Vitrimers – A Route from Commodity Plastics to High-Value Materials

Applications  |   6 June 2022

Vitrimers are emerging as a spin-off class of plastic polymer that may challenge the traditional division of polymers into thermoplastics and thermosets. They represent a class of versatile, sustainable second-generation dynamic networks that can be accessed by high-temperature functionalisation of disposed plastics. They offer a distinct advantage over thermosets that cannot be recycled or re-processed (to the detriment of the environment). In fact, they are more akin to thermoplastics that can be melted and re-processed at high temperatures, making them smart materials and potentially among the most versatile of contemporary recycled plastics.

Accessing vitrimers: synthesis and challenges

The recycling of consumer plastics such as TPOs (Thermoplastic Polyolefins), viz. PP (Polypropylene) and PE (Polyethylene), offers limitless scope in sustainability and potential upcycling into higher-value applications. Originating from thermosetting polymers, vitrimers are a type of plastic and behave as such when it comes to melting and resetting. The key challenge in vitrimer production resides in the functionalisation of the inert hydrocarbon of these polymers. Recently it has been shown by Terentjev et al. that vitrimers can be accessed through reactive extrusion in a two-step synthesis. This starts with PP bottles (HDPE packaging in the case of PE) that are graft co-polymerised with maleic anhydride (MA) in the presence of di-cumyl peroxide (DCP) initiator at high temperatures. The graft co-polymer is then cured with the di-functional epoxy DGEBA ( Diglycidyl Ether of Bisphenol A) through the epoxy/anhydride curing mechanism (anionic ring opening). The resulting vitrimer consists of an extensive network containing abundant ester functions and hydroxyl groups that may undergo transesterification reactions. Such reactions are thermally reversible in the presence of the zinc acetylacetonate catalyst used for their synthesis.

A second challenge that the synthesis above overcomes is the presence of additives in the first-generation polymers. It demands that the functionalisation and subsequent conversion reactions are robust enough to proceed unhindered by the presence of such compounds. The use of recyclable plastics without any sorting presents a host of unknown chemical inclusions at any given starting point, yet the reactions for this vitrimer synthesis and the subsequent processes that furnish their potential end-use materials are capable of proceeding without disruption.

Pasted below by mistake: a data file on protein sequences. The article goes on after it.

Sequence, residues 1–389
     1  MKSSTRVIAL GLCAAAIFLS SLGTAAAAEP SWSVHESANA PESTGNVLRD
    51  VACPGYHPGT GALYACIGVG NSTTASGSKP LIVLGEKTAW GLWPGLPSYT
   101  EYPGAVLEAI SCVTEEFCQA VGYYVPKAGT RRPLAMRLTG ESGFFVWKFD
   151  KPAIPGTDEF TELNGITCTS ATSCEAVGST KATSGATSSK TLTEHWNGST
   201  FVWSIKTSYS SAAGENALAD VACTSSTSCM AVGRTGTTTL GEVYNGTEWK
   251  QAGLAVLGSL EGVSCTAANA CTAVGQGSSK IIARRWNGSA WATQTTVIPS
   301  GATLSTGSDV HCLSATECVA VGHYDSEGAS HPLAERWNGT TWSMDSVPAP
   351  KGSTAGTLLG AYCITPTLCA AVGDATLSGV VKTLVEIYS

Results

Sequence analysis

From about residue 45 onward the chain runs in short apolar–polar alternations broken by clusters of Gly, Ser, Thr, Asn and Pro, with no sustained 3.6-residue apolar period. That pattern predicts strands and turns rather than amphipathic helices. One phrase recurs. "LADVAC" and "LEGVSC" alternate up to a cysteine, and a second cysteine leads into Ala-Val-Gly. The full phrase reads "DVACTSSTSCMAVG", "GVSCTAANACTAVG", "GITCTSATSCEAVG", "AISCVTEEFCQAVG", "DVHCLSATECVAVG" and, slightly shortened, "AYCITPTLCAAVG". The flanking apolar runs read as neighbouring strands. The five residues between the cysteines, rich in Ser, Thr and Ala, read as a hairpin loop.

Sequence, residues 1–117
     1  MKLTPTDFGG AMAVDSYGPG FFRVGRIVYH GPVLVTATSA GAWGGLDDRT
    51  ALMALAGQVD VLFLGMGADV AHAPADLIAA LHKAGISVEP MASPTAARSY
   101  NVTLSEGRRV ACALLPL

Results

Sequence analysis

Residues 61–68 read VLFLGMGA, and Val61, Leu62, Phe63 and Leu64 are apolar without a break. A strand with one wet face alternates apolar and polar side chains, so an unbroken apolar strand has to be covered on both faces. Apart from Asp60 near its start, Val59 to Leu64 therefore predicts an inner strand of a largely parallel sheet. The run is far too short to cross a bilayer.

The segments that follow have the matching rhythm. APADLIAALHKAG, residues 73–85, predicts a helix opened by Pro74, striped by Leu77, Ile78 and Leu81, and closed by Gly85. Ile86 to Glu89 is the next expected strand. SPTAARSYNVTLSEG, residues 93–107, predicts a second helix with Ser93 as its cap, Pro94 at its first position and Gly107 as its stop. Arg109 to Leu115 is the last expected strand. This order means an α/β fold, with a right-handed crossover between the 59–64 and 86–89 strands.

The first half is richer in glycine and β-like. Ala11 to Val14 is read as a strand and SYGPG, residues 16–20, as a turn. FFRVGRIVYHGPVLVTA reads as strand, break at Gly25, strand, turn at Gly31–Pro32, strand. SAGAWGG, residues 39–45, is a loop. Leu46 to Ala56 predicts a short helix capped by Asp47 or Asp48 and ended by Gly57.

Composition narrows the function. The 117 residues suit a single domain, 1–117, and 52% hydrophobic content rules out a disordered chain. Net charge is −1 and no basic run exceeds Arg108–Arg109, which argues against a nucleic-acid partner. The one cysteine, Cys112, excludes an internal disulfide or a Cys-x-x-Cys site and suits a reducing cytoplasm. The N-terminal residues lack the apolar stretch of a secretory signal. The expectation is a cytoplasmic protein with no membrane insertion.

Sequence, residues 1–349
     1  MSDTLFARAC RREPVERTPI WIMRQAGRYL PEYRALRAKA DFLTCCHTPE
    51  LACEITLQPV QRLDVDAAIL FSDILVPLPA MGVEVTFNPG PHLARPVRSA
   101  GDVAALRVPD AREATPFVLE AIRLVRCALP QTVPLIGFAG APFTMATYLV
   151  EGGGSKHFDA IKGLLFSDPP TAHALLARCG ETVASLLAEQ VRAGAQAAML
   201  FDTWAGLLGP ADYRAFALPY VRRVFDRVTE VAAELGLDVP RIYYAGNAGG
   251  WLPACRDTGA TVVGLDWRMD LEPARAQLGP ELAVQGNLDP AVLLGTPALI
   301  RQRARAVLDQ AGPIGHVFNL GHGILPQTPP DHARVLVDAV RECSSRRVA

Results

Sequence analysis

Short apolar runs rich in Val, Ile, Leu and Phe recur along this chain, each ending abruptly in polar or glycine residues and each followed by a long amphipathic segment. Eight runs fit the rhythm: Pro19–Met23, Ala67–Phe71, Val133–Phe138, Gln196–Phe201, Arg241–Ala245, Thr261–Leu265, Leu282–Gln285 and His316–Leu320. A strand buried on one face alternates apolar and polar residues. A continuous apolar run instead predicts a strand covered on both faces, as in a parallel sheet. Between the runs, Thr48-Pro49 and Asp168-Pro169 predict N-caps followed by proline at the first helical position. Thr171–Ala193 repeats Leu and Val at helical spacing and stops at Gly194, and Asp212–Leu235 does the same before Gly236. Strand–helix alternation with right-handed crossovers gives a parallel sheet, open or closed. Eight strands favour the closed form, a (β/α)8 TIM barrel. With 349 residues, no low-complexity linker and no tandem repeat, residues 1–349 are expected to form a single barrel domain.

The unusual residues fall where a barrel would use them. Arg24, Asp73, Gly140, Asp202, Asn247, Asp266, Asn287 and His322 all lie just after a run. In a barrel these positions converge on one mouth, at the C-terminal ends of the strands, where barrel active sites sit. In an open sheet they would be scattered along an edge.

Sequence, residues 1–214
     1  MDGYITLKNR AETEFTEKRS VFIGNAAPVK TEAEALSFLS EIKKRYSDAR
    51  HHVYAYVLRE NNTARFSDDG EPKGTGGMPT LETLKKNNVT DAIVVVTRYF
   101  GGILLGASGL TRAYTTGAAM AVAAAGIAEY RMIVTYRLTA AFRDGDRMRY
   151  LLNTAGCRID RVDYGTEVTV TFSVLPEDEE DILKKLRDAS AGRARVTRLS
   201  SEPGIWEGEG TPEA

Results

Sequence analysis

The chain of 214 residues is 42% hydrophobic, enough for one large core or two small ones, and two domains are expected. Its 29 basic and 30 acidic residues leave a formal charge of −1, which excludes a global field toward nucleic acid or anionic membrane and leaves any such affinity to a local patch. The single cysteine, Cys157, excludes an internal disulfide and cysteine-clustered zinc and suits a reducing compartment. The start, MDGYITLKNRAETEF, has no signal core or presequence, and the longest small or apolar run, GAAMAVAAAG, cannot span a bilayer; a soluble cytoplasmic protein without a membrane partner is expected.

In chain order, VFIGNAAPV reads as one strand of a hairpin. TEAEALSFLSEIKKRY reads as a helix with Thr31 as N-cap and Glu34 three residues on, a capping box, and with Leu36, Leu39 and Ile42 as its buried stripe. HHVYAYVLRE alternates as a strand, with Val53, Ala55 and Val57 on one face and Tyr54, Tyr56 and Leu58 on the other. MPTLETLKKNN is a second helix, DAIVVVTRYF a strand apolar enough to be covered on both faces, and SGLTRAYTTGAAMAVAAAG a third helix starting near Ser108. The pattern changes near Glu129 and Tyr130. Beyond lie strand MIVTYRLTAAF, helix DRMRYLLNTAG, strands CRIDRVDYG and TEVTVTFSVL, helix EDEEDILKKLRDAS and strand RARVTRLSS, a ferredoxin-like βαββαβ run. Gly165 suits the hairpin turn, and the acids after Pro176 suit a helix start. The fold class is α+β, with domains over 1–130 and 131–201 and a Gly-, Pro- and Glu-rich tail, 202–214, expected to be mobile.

Finally, considering the high-throughput scale on which consumer plastics could be re-processed in the creation of second-generation materials such as vitrimers, it is crucial that the process is scalable to industrial proportions.

Vitrimers: advantages and applications

One key benefit that vitrimers offer over the use of thermosets is that they can be processed and re-moulded at temperatures higher than their elastic-plastic transition. Because the bond exchange reaction can be triggered thermally within the interior of the network, flow is able to occur within the structure without compromising the integrity of the polymer backbone.

In experiments that compare the thermomechanical behaviour of the vitrimers with those of their original plastics, characteristics emerge where the original plastics and the vitrimers demonstrate almost identical solid-phase properties until the melting point is reached. However, once the melting point is exceeded (typically 140 – 170°C) the vitrimers demonstrate a rubber plateau that their precursor materials are unable to attain, which opens out an interesting extension of their properties at high-temperature domains. At these temperatures, high stress can be applied to re-mould vitrimers into new shapes which may hold promise in areas such as 3D-printing. Moreover, they may still retain the physical characteristics of a thermoset and have excellent mechanical strength.

In some high-tech industrial applications, it can be desirable to have interfaces between two different materials. It has been demonstrated, that PP and PE vitrimers can be welded together successfully through the formation of covalent bonds. This has the potential to offer routes to industrial assemblies where the materials may be particularly incompatible, especially for quite complex objects or where multiple materials are in use. Furthermore, welding eliminates the need for mechanical fasteners or adhesives and at a time when the automotive industry is shifting towards greater plastic and adhesive use for lightweighting, these materials hold considerable promise.

The thermal reversibility of the vitrimers' bond exchange reactions lends itself to shape memory characteristics in relation to certain temperature transitions. Smart materials of this kind that can be altered or triggered in some way by external stimuli, such as heat, are growing in popularity, with potential as sensors, actuators, bio-medical devices and flexible aerospace structures.

Significance of vitrimers in future upcycling

The level of plastic pollution in the world's oceans has already reached astonishing proportions and it will only deteriorate further. Even taking a small percentage of these materials for recycling or re-use can create enormous benefits and savings in terms of resources. Accessing vitrimers as a second-generation, functionalised dynamic network derived from sustainably sourced commodity plastics will create a new shift in plastic applications from low to high added values, with major possibility in sectors such as aerospace, robotics, textiles and the automotive industry.

A startup, Cambridge Smart Plastics , is already in place for the development of new commercial applications for these vitrimers, which are being termed Plastics 2.0.

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